27 Mar

Allegations of ineffective assistance of counsel against Law Society duty counsel dismissed

Monday, March 27, 2023James R.G. CookLitigationDisciplinary Hearing

Lawyers facing disciplinary proceedings before the Law Society of Ontario may have duty counsel appointed to represent their interests. A Divisional Court decision shows that duty counsel have the same obligations of competence as any other lawyer retained to act in a matter and may be subject to the same scrutiny for whether their representation of the lawyer was effective in the circumstances: Deokaran v. Law Society of Ontario, 2023 ONSC 1702 (CanLII).

In the discipline proceedings at issue, the Law Society alleged that the lawyer had engaged in professional misconduct in failing to reply promptly and completely to the Law Society’s communications in connection with two separate investigations. There was no dispute that the Law Society’s investigator had sent the lawyer a number of letters requesting information in the two investigations, and set a final deadline to respond for June 11, 2018.

The lawyer’s position was that she had provided a comprehensive response to the Law Society by letter which she personally delivered to the Law Society mailroom on the June 11, 2018 deadline. This position was advanced in an affidavit signed by the lawyer and dated August 22, 2018, with a copy of her response materials attached as an exhibit.

In response, the Law Society filed reply material on August 23, 2018, including evidence about its mailroom practices and copies of e-mail exchanges between the investigator and the lawyer. The Law Society’s position was that the lawyer did not deliver her response on June 11, 2018, and that the first time the lawyer claimed to have delivered the material was actually when she served her affidavit on August 22, 2018.

The Law Society further took the position that even if the response was delivered on June 11, 2018, the lawyer’s response was inadequate and did not amount to a defence to the allegations.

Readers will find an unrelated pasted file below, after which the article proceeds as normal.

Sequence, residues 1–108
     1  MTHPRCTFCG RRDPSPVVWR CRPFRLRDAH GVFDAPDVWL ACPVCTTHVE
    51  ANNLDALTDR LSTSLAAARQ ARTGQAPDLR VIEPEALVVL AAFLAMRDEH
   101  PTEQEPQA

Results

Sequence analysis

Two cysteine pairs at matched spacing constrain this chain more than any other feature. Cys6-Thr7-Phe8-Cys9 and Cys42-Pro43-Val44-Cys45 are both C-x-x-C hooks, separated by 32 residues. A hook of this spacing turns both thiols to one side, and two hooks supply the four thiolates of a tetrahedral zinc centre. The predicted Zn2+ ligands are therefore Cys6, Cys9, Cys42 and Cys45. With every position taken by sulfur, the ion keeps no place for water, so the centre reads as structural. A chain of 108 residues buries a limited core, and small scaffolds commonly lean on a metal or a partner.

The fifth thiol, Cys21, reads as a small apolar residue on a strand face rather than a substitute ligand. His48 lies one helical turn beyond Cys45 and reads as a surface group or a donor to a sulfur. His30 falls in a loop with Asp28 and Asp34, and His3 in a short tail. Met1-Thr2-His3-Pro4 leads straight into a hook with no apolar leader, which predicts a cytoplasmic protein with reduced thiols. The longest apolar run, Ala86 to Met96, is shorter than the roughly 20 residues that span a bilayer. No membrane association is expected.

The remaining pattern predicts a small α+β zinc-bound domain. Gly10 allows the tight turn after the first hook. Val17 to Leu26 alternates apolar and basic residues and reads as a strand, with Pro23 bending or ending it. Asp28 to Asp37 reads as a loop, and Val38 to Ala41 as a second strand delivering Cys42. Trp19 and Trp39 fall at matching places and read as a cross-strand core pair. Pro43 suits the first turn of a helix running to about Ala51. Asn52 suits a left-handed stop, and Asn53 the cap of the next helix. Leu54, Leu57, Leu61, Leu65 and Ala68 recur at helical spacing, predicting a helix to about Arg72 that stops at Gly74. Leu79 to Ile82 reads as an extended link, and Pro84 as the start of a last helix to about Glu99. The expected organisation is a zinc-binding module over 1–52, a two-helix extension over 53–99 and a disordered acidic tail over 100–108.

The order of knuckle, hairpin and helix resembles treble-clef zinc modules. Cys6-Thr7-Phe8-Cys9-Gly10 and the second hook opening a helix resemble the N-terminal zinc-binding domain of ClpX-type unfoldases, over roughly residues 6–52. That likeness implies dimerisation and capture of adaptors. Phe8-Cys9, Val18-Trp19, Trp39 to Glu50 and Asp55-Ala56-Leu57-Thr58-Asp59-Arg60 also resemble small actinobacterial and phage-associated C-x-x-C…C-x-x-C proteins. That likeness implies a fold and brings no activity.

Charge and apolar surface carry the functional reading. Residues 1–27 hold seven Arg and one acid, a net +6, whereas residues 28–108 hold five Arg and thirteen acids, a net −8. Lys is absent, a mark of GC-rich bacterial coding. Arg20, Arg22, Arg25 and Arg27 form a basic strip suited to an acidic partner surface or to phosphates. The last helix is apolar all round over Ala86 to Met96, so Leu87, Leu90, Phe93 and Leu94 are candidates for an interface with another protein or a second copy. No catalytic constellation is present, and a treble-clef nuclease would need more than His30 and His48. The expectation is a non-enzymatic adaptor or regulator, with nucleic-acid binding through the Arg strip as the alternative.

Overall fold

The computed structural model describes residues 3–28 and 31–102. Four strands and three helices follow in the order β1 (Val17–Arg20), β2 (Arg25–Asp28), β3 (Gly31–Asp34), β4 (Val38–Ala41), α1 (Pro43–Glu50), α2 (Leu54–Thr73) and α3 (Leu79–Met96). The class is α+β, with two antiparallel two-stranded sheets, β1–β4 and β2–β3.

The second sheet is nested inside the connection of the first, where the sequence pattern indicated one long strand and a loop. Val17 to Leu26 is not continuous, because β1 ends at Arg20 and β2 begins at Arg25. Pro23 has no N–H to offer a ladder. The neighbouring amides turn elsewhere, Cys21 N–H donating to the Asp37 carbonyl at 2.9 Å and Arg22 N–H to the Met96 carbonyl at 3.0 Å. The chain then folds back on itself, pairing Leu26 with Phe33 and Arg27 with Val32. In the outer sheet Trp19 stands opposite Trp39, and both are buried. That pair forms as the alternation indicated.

At the discipline hearing conducted on August 24, 2018, the lawyer was represented by duty counsel. At the commencement of the hearing, duty counsel consented to the filing of the Law Society’s reply evidence and confirmed, on the record and in the lawyer’s presence, that the lawyer had instructed him to proceed and was not requesting an adjournment.

The primary dispute at the hearing was factual, namely did the lawyer deliver her response to the Law Society mailroom on June 11, 2018? The Hearing Division heard evidence on this issue and rejected the lawyer’s defence. The adjudicator made adverse findings regarding the lawyer’s credibility and concluded that the letter was not delivered to the Law Society as claimed.

The adjudicator further concluded that even if his conclusion on that issue was incorrect, the lawyer’s response letter did not reply completely to all of the requests made by the Law Society in its original communications, and did not include various file documents that the Law Society had requested.

The Hearing Division therefore concluded that the lawyer had committed professional misconduct as alleged. The lawyer’s licence was suspended for one month, followed by an indefinite suspension until she provided a complete response to the specific Law Society requests for information relating to the complaints at issue: Law Society of Ontario v. Deokaran, 2018 ONLSTH 132.

On January 22, 2020, the Appeal Division of the Law Society Tribunal affirmed the Hearing Division’s decision: Law Society of Ontario v. Deokaran, 2020 ONLSTA 2. A total of $36,000 in costs was awarded to the Law Society for the proceedings.

The lawyer then appealed to the Divisional Court. As one of the grounds of appeal before the Appeal Division and the Divisional Court, the lawyer argued that the conduct of duty counsel amounted to ineffective assistance of counsel which resulted in a miscarriage of justice.